Woodstock’s 50th Anniversary is this summer, Thursday, August 15 to Sunday, August 18, 2019. Fifty years ago, in 1969 from August 15 to 18, throngs of people came together in Bethel, N.Y. for four days of peace, love, and music. It turned out to be one of the biggest and grooviest rock festivals ever, and an iconic cultural and historical event. The concert was far-out with thirty-two acts including Joan Baez, Santana, the Grateful Dead, Janis Joplin, Sly and the Family Stone, The Who, Jefferson Airplane, Joe Cocker, Jonny Winter, The Band, Blood, Sweat, and Tears, Crosby, Stills, Nash & Young, and Jimi Hendrix with what was probably the most memorable performance of the festival—his profound rendition of “The Star-Spangled Banner”.
Food was in short supply at Woodstock because the promoters only expected about 50,000, but around 400,000 showed up—which also created the largest traffic jam in the history of the Catskills, forcing State police to close the New York State Thruway’s Exit 104. Plus, on the second day of the festival, a downpour transformed the grounds of Max Yasgur’s dairy farm into a sea of mud.
Yasgur’s former farm, the site where all of this took place, has been remembered by the opening of both the Bethel Woods Center for the Arts and the Museum at Bethel Woods on the grounds and was also added to the National Register of Historic Places.
I am a babyboomer but I was only 12 in 1969—too young to hitchhike to Woodstock, unfortunately. However I always wanted to go, so by writing about it, I got to go, at least mentally, and I get to take all you wonderful readers along with me as well as two of my favorite characters, Cash and Keith. This Woodstock, time-travel, baby boomer, comedy romance of mine is called Back To The One I Love.
The thrilling adventure of first love and self-discovery is just as groovy the second time around.
A free-spirited, baby boomer couple, Cash and Keith, find their marriage of forty-five years unraveling amid apathy, boredom, and retirement. Cash feels Keith is no longer attracted to her and he’s consumed with a couch-potato life of streaming The Orville and Game of Throne episodes all day long. Trying to hang on to their marriage and rekindle the romance they lost along the way they turn to a counselor. The therapist uses an unorthodox magical method of a time-traveling Volkswagen van to cast them back into the garden…four days of Eden at Woodstock….the epic music festival… where they first fell in love. Will the freedom of Woodstock lure Keith and Cash to push their individual boundaries and seek new lovers? Or can Déjà Vu and grooving to music….truly lead them to rediscover the peace, love, and harmony they once shared?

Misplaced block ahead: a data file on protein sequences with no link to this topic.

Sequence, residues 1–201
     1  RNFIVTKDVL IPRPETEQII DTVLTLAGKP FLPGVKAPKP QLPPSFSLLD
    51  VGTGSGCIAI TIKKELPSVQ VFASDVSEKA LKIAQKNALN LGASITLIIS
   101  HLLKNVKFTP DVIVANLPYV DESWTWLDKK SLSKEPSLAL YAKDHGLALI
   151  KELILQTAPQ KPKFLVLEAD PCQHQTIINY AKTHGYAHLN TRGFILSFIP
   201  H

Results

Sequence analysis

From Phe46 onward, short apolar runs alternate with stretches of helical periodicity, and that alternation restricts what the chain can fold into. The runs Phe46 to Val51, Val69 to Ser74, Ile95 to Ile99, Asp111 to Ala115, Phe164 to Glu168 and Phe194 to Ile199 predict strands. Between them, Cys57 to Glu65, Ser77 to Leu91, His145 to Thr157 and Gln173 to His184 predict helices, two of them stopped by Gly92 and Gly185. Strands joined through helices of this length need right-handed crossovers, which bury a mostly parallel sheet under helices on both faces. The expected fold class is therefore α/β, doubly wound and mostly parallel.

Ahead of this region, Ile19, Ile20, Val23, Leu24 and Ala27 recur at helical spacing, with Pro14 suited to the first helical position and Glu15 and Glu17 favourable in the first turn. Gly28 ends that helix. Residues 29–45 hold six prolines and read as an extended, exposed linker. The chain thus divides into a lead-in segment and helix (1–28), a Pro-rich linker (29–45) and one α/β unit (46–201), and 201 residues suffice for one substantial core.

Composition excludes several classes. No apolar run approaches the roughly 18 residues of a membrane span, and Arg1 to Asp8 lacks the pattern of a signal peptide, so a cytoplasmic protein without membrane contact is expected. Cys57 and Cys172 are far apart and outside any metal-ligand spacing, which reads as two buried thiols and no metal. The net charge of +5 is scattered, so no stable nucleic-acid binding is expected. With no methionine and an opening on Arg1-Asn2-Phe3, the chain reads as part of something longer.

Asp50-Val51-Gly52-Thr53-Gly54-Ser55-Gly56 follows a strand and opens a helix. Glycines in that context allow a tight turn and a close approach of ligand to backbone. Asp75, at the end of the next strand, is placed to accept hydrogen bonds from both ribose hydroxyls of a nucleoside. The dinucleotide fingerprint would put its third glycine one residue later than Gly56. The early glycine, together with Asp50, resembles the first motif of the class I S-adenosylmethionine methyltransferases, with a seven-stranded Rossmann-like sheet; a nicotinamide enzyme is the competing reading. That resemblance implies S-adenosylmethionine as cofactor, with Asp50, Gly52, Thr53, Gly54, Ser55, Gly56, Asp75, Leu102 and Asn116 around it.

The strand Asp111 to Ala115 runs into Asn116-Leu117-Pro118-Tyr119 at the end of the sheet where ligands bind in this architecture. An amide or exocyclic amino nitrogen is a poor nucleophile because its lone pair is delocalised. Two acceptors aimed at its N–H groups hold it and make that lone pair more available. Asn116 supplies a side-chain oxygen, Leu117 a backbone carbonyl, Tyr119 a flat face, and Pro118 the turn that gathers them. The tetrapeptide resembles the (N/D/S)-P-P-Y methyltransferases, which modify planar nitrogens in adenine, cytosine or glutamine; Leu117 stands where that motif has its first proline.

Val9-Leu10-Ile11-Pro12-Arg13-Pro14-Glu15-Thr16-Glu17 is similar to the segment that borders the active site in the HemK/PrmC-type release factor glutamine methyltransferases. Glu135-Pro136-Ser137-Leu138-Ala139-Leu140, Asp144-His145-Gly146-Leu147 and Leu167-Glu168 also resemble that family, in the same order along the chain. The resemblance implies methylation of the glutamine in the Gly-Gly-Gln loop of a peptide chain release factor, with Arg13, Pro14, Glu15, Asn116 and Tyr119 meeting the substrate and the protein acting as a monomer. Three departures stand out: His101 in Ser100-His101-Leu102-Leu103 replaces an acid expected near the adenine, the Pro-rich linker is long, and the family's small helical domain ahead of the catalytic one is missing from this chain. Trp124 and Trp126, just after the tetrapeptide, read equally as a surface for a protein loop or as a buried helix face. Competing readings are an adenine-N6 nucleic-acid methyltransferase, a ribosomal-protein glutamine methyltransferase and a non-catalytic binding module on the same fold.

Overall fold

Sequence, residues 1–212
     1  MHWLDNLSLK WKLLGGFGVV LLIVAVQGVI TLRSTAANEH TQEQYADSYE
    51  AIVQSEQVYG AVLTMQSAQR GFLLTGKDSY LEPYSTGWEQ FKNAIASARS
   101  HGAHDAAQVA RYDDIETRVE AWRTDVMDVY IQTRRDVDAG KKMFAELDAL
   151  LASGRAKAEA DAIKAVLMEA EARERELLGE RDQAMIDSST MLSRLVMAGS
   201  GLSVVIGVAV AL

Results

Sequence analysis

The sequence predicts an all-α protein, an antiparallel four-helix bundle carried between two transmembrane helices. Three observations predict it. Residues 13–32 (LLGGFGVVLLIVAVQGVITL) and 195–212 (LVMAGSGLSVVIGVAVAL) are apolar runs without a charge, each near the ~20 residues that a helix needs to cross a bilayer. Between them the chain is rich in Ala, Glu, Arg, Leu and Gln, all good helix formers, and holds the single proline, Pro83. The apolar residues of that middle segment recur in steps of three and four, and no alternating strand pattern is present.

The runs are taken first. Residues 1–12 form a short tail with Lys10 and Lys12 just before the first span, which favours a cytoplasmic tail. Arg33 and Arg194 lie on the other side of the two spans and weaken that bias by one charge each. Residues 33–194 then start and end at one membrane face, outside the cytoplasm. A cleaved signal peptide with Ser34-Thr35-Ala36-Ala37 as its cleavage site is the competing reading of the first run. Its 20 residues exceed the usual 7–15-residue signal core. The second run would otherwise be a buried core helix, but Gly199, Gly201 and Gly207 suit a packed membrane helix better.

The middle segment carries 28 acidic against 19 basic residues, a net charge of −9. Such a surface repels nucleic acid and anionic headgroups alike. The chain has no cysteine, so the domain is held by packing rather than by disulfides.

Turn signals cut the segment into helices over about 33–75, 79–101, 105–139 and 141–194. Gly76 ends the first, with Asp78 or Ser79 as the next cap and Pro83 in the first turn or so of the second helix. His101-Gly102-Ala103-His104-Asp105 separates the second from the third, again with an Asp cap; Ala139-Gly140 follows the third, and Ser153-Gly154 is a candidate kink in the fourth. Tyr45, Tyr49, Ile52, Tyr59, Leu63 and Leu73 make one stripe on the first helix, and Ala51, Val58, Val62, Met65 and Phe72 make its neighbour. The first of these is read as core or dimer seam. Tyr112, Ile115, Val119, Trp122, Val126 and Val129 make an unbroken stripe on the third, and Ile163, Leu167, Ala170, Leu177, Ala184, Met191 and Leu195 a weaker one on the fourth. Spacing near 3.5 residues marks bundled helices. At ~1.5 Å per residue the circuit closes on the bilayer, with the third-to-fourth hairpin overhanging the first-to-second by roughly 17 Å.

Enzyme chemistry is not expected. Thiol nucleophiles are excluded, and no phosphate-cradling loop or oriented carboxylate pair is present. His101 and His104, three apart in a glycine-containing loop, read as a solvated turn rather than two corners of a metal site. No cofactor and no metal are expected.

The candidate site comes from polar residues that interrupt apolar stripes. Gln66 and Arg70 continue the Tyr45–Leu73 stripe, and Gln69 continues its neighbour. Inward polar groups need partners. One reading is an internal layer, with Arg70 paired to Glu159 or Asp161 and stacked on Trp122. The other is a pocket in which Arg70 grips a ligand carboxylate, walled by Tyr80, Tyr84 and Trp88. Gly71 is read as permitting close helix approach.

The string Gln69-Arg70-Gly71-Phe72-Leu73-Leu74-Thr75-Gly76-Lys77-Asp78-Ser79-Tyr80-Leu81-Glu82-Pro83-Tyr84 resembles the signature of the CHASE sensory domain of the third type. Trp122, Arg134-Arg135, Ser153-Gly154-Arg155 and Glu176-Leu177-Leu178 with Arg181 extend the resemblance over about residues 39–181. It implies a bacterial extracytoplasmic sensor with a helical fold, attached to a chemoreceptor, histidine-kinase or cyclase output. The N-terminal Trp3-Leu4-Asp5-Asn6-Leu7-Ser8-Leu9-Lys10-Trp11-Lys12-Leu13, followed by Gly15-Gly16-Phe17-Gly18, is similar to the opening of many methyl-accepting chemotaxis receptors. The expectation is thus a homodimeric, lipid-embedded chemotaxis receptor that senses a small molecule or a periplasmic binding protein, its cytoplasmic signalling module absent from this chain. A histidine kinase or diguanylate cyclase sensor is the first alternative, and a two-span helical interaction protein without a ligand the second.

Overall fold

Cash’s mind was in a haze, floating with the music, moving her body freely―bouncing, jiggling, dancing her heart out.
Keith clapped with Cash as Jimi Hendrix picked the strings and worked the frets as he played “The Star Spangled Banner.”
In his hands, the inanimate object, the sleek, white electric Stratocaster, came to life, with jolts of electricity like Frankenstein’s monster.
This was no confused, lonely monster Hendrix created, Cash thought. This is raw, spiritual beauty.
“The notes are ‘The Star Spangled Banner’ mixed with truth and distortion, fear and hope, chaos and order, all fighting each other. It sounds like bombs and guns, screams of pain, and the whirl of army helicopters, all from the strings of his guitar,” Keith said.
“The national anthem has never been played like that before him or since him,” Cash said, with an edge of awe to her voice.
“He’s telling a story of freedom fighting to break through prejudices, lies, and cover-ups just by the way he’s playing the song,” Keith added.
“He’s incredible.” Goosebumps prickled on Cash’s arms when Jimi Hendrix laid the guitar on the stage and picked it as he ritually set it on fire, letting hype and lies go up in smoke and flames.
Tears formed in the corners of her eyes. “It’s the most incredible thing I’ve ever seen,” she said in an emptily charged, broken whisper.
Keith gulped hard. “It blows my mind.” He slapped his palms together, clapping with Cash, a long time after Hendrix left the stage.
“And we saw it twice, together.” She slipped her arm around Keith’s waist.
“How special are we?” He slid his arm around her shoulder and pulled her tight to him.
You can find more on Back To the One I Love here and Peace, Love, Music here.